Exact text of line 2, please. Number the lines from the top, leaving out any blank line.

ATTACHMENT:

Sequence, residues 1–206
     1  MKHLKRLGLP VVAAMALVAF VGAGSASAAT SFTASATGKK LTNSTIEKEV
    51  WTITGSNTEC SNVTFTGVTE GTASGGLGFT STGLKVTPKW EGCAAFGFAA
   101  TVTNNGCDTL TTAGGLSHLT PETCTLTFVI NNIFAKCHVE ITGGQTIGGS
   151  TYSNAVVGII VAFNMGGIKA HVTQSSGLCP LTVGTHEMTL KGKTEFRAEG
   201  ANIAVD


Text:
     1  MKHLKRLGLP VVAAMALVAF VGAGSASAAT SFTASATGKK LTNSTIEKEV